Presidium / Praesidio
Attested: (1) RC Presidium; (2) ND Praesidium and Praesidio.
Where: (1) At or near Newton Stewart, where the Roman road heading west on the north of the Solway Firth needed to cross the river Cree, possibly at Machermore ford NX413651 or a little downstream.
(2) R&S wondered if this name should be placed at York, by linking two lines in ND: Praefectus legionis sextae and Praefectus equitum Dalmatiorum, Praesidio. That seems unlikely, so other possibilities have been discussed, including a suggestion that Praesidio was a variant of Praetorio at one of the destinations of Roman roads on the Yorkshire coast, such as Bridlington, Filey, Whitby, or Scarborough, where the Romans had a signal station and perhaps even a fort under the mediaeval castle. On balance, however, the strongest candidate seems to be the Roman fort at Newton Kyme SE45644535, reported here, because it was large, occupied in the late Roman period, and close to a large henge.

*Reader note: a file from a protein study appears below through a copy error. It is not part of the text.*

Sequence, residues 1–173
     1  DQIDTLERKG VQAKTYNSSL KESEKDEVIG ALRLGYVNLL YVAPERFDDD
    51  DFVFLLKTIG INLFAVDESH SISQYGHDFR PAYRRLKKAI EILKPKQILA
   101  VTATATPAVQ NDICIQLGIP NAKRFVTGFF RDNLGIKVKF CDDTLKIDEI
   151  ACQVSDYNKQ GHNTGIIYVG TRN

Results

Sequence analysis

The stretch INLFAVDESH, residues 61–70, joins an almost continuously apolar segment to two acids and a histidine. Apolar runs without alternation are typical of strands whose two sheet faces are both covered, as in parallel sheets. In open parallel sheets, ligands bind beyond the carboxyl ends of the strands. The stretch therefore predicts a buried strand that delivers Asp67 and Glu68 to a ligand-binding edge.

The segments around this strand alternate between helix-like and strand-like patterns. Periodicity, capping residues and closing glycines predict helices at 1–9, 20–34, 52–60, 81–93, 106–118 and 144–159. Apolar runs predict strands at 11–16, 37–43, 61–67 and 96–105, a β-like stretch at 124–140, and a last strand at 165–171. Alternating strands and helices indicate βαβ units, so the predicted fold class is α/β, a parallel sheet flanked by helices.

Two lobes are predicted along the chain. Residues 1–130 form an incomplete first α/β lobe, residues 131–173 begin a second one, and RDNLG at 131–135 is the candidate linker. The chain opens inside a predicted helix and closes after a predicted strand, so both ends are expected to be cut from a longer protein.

Name Origin: Latin praesidium is often translated as ‘garrison post’, as discussed by Bishop (1999), but it literally meant ‘presiding over’ applied to soldiers serving as a guard, garrison, escort, or convoy. This might fit a fort next to a power centre of local people.
Notes: Downstream of (1) were Ptolemy's Ιηνα estuary (the mouth of the river Cree) and Λουκοπιβια (near Wigtown). ND named a unit of Dalmatian cavalry based at (2), but that does not help to pin down a location. At least ten other Praesidia are mentioned in RC elsewhere across Europe, and it might be interesting to see how they relate to nearby indigenous central places.
Last Edited: 23 August 2017